“A total coliform count or fecal coliform count in the water provides a good indicator of bacterial contamination in the water supply. Nitrates are not toxic to pigs, but nitrates can be converted to nitrites in the body, which are toxic,” says Eastwood.
Nitrate levels of 300 parts per million (ppm) in the water can cause nitrite toxicity in pigs. Nitrates can serve as a good indicator of bacterial contamination of the water but may also be present due to high levels of nitrogenous fertilizers applied on the land, she says.
“Sulphates are the primary cause of water quality issues in well water in many regions across North America. Concentrations up to 2,650 ppm do not impact pig performance. But, when concentrations are above 7,000 ppm, young pigs can suffer from diarrhea and reduced performance as their guts do not tolerate sulphates well,” says Eastwood.
“So, issues are usually observed in nursery pigs when they switch from milk to water because they are not adapted to the sulphate levels. Older pigs seem to be able to adapt to higher sulphate concentrations fairly well,” she says.
“pH does not directly impact water quality, as most water sources in Ontario fall within the acceptable range of 6.5 to 8.5. Changing the pH outside of this range can have big impacts on chemical reactions involved in water treatment and can impact medication delivery,” Eastwood adds.
In addition, farmers should be aware of “inorganic matter levels, such as calcium, magnesium and sodium salts. By measuring the total dissolved solids (TDS) content, you gain an understanding of the amount of dissolved inorganic matter, which can be a general measure of water quality,” she says.
“As a rule of thumb, a measurement below 1,000 ppm TDS is safe with no risks to pigs. Between 1,000 and 2,999 ppm is satisfactory but may cause mild diarrhea in pigs not adapted to it. A range of 3,000 to 4,999 ppm is satisfactory but may cause a temporary refusal of water while the pigs adapt,” Eastwood says.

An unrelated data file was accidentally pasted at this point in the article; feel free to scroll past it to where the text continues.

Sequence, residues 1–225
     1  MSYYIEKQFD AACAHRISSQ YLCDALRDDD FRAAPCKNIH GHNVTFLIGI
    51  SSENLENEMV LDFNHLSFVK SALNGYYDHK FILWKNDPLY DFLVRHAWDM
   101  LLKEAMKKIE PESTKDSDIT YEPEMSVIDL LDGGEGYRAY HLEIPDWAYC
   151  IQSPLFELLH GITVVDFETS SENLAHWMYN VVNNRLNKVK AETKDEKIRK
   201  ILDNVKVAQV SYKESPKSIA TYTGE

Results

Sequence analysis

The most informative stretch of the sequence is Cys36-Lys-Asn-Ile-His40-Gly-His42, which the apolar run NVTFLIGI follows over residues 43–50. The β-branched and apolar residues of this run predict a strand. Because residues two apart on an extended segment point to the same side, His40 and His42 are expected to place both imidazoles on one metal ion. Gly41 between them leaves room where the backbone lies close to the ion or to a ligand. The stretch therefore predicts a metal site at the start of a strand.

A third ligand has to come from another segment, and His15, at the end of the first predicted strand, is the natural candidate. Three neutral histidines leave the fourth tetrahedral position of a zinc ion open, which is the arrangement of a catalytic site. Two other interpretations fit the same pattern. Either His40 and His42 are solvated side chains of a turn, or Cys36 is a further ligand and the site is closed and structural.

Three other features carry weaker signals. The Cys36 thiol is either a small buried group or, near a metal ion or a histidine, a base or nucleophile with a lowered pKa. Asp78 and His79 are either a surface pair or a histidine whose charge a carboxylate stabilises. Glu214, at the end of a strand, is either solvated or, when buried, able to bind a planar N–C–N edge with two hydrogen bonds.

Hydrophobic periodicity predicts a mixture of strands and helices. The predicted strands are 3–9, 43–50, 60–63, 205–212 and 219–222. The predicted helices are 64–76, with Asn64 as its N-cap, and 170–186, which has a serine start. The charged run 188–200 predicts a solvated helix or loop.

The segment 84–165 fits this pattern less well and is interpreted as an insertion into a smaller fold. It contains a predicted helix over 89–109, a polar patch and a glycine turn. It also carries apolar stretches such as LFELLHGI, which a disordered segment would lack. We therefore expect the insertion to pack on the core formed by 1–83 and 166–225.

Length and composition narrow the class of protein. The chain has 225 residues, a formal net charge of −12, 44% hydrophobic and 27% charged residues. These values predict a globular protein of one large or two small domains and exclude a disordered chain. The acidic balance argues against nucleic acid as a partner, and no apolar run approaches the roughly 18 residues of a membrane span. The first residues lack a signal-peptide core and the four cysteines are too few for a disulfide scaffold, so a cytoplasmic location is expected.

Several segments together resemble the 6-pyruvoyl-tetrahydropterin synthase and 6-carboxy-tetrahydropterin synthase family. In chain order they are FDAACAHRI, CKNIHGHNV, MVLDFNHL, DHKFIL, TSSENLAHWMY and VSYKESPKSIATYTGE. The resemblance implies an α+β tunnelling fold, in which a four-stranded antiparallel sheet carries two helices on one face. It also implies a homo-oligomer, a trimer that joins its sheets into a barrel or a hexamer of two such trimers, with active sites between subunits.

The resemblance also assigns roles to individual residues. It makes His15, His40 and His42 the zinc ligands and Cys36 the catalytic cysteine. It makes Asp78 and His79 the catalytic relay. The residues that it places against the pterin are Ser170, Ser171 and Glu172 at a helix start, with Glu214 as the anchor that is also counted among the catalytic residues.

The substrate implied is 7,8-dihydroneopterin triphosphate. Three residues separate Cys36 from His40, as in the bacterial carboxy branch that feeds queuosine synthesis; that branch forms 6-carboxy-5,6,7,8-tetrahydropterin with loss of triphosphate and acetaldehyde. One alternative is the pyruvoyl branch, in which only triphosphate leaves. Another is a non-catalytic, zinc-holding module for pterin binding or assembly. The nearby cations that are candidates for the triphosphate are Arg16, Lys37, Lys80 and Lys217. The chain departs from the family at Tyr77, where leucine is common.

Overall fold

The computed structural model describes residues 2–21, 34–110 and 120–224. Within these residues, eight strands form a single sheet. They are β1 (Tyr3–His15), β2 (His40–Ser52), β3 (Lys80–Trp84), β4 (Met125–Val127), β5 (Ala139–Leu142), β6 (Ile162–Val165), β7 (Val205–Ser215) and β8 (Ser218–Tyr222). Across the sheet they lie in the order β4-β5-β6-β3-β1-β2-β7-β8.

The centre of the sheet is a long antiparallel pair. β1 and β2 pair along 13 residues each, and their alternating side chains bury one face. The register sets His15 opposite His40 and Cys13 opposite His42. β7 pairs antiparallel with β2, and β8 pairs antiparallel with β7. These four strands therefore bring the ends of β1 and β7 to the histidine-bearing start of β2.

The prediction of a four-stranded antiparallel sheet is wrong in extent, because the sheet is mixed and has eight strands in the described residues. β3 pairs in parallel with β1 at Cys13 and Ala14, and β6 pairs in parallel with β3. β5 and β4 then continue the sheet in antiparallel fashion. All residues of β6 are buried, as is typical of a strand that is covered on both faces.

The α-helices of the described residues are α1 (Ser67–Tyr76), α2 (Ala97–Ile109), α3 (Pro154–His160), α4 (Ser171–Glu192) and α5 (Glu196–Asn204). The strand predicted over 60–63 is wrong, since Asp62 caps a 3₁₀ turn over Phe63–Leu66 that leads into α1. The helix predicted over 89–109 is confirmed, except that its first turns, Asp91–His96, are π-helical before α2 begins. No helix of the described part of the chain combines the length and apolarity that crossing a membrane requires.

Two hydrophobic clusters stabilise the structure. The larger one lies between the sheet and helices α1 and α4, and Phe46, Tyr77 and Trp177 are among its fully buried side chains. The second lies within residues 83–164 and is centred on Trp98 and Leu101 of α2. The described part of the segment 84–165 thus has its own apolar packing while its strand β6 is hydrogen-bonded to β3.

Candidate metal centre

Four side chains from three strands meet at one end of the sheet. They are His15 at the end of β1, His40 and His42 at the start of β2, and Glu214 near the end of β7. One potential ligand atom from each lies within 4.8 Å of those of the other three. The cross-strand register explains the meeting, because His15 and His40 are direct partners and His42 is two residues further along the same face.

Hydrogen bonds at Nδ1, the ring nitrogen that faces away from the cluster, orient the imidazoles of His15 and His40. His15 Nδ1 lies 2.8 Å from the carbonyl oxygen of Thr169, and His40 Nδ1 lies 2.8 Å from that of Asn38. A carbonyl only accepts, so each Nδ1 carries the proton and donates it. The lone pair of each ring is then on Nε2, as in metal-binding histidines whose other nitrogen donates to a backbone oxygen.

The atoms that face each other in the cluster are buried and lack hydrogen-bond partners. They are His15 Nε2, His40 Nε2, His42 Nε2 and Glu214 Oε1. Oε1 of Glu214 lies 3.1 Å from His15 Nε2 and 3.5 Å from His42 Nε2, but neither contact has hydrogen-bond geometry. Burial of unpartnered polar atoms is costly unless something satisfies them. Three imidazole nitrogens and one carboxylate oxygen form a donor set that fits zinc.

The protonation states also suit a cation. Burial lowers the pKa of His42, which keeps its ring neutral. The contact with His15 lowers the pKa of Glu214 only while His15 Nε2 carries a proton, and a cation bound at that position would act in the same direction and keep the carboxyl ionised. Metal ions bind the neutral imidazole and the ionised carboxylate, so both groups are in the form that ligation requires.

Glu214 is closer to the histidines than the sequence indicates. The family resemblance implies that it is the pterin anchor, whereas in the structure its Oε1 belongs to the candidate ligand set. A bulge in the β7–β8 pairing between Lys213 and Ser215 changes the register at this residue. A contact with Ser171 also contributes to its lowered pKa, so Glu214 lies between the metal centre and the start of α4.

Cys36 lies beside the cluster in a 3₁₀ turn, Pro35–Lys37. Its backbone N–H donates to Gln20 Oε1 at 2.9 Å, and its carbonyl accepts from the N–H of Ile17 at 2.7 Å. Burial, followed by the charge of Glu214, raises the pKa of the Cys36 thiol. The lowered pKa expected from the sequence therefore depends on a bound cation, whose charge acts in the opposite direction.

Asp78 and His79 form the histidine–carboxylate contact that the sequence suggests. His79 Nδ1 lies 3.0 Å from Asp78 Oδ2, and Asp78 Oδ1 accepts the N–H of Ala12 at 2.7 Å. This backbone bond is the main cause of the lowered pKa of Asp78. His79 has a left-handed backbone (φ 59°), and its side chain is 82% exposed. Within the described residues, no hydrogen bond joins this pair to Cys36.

“Measurements between 5,000 and 6,999 ppm are reasonable for non-breeding stock animals and above 7,000 ppm is unfit for pigs.
“Pigs are also fairly resilient to some common water quality issues such as hard water. The impact of hard water on the pig is minimal, but it can cause build up of scale in water systems, which leads to other challenges such as reductions in water availability,” she says.
Importance of access
“The most likely way that water affects pig performance is an inadequate supply as a result of delivery systems that get old and plugged up,” Patience says.
High TDS levels in water can result in residue buildup throughout water pipes and in equipment. To help prevent the development of this challenge, install drinker lines with a wider diameter than you think you need, McCoy recommends.
While the availability of water is critical for herd health, water-flow rates are also important.
Finishing pigs weighing about 90 kg (200 lbs.) should drink approximately 15 litres (3.3 gallons) of water per day, “but that pig will only drink for a certain amount of time in a day,” McCoy says.
For example, “if (a pig drinks) 13 litres (2.9 gallons), but it has already spent the amount of time at the drinker that it wants, it is not going back. So, to increase volume, … you can either increase pipe diameter or increase water pressure. But, if you increase pressure, more water goes onto the ground, not into the pig.”